Traveler 1 — back from the dead
I just got back from my Uncle John’s wake, where I sat in the front row next to my favorite cousin’s husband, who also doesn’t do “Catholic.” While the cute young priest led the rest of the group through the required statements and responses, I stared at my hands folded in my lap — the best I could do under the circumstances of my usually irreverent nonbelief.
That’s when I noticed that my fly was open. I felt the giggle rising up from my toes, right past my open fly. Camouflaging the zipping up of my fly with a sudden shift in my chair, I managed to get myself in order, but the giggle was still rising to the occasion.
The room-wide “Amen” came just in time.
Traveler 2 — a disposal problem
Yesterday, on my drive back to Albany for a dentist appointment, I heard a review of a book called The Traveler by John Twelve Hawks. But I get ahead of myself. What I want to say about the book and that review is coming up as Traveler 3.
My car was loaded up with clothes and housewares for the Salvation Army (I know where the drop-off is in Albany), a cheap tv cart that I had to exchange because the one I bought was defective, a shopping list that took up the whole length of a 10 inch envelope, and a bag full of smelly cat litter.
Why the cat used litter, you ask? Because the garbage truck only picks up on Tuesdays, and the bin could not fit another inch of anything.
Since I was meeting my women’s group friends for dinner, I figured that I would ask one of them to take the bag of litter home and throw it in her trash. (Yes, that’s a bizarre thing to ask a friend to do, but they all know me well enough not to be suprised by anything I might ask of them.)
On my way running around the city taking care of what was on the extensive list of things to buy (including a bigger black mailbox), I considered (1) tossing the bag of used litter out my car window on some side street (2) taking it into a ladies’ room at Burger King and throwing it into their trash (3) driving back to my old apartment building and leaving it in the back where the big dumpsters are.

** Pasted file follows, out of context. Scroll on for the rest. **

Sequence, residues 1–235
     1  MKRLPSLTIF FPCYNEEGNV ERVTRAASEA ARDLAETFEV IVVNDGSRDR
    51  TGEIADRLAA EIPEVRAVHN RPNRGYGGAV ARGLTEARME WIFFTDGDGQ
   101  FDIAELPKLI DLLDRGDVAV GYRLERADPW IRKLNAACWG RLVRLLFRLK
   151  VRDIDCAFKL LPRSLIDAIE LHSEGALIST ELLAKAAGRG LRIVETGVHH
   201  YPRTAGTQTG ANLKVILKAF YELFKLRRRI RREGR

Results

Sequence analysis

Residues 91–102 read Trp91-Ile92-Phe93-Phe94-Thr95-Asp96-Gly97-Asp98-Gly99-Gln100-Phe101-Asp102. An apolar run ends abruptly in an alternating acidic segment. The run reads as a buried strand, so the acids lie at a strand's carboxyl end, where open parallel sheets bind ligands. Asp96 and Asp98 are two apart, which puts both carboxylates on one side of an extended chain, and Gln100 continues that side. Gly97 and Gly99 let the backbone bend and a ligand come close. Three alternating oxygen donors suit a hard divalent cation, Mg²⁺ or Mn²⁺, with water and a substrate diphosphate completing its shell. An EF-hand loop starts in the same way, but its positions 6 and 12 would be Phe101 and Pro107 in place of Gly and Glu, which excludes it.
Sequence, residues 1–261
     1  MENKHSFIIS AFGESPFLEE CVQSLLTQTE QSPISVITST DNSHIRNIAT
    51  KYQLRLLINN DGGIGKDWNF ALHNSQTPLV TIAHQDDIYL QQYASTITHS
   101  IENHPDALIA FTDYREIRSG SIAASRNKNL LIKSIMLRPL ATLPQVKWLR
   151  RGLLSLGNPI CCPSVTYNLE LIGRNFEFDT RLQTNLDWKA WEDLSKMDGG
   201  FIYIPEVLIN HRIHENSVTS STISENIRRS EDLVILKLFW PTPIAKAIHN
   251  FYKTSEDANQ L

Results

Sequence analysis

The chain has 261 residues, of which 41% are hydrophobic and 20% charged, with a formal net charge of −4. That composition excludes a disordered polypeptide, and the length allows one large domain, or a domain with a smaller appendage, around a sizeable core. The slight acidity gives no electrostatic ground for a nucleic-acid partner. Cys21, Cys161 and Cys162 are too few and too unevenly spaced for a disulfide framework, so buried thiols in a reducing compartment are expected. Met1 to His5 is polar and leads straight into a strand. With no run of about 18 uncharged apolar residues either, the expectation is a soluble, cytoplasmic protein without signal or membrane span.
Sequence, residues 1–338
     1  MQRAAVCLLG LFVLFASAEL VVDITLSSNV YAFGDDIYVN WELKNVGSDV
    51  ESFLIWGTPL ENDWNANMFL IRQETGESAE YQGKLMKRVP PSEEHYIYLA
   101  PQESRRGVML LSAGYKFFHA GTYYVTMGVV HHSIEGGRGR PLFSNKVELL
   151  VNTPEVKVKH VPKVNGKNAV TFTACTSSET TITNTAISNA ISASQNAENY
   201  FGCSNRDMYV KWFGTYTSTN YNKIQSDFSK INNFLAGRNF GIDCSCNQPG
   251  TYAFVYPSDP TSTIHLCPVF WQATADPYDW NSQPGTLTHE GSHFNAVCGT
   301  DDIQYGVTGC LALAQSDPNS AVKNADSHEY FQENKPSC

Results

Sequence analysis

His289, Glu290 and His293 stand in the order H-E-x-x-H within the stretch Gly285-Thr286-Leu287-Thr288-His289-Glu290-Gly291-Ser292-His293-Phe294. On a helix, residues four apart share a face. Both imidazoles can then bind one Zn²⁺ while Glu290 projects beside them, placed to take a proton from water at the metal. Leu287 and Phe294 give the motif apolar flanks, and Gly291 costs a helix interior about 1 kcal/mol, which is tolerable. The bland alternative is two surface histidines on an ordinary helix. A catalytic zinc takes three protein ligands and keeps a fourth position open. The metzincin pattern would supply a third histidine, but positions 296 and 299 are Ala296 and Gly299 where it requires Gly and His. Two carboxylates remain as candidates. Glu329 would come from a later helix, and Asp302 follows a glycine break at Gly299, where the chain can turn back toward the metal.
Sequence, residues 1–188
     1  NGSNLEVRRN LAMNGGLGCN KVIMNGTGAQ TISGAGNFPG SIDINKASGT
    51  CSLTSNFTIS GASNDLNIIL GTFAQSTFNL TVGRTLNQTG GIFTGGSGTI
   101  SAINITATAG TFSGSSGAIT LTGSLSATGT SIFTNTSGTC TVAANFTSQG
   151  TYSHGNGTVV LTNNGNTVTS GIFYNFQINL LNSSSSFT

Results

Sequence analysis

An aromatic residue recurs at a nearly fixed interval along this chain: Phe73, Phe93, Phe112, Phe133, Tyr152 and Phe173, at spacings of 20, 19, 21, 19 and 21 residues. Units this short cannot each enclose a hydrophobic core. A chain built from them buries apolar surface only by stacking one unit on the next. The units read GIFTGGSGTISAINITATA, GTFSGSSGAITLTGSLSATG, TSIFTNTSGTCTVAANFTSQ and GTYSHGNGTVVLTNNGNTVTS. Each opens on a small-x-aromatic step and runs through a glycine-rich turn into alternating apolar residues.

But then, as I was putting some groceries (this burgh to which I’ve moved has a very shabby Shop Rite that never has challah), into my car — which I had parked next to one of those fenced in places for shopping carts that big marts provide in their big parking lots — I noticed that there was a trash bin right there next to all the carts.
So I never did have to ask one of my friends to take that bag of shit off my hands.
Before I left town, though, I had in my hands instead, a hard cover copy of The Traveler that I got at Barnes and Noble. I very rarely buy hard cover books; I just wait for the paperback copies or else get the books from the library. But I thought that this one might be worth the full price (not including B&N standard 20 percent off).
Traveler 3 — “A cautionary tale guaranteed to raise the paranoia level of anyone who reads it”
The guy on NPR whose review of the book I heard on my way upstate yesterday said the the author, John Twelve Hawks, is not identifiable by anyone, not even his publisher. When he talks to his publisher, he uses a voice distorter. He lives off the “grid.” Well, that piqued by interest right there.
Can satellites track your every movement? Do covert Internet surveillance programs inspect your emails and scrutinize the web sites you visit? Is what we believe to be the true history of the world just a “puppet show for childish minds”? Scary stuff says the B&N review.
Twelve Hawks presents big ideas about free will and determinism, good versus evil, social control, and alternate dimensions, all while impressing with knowledge ranging from the New Testament to string theory. Although reviewers compared the novel to the films Kill Bill, Star Wars, and The Matrix — with echoes of authors Dan Brown, Stephen King, George Orwell, and Michael Crichton thrown in — they called it wholly original, says the Bookmarks Magazine review on
I don’t know when I’m going to have time to read it, since I have to finish Harry Potter first, and then Enchantment.
I never read non-fiction. I have more than enough reality to contend with these days.
And more than enough unpacked boxes that I’m still tripping over.
Meanwhile, “Happy Trails to You…”

1 thought on “travelers

  1. I could never bite my tongue hard enough to stifle a giggle. I laugh at things nobody else thinks is funny, so I have had a lot of stifle practice.
    (It is good to read you as sort of light-hearted today, Elaine. Good on ya.)

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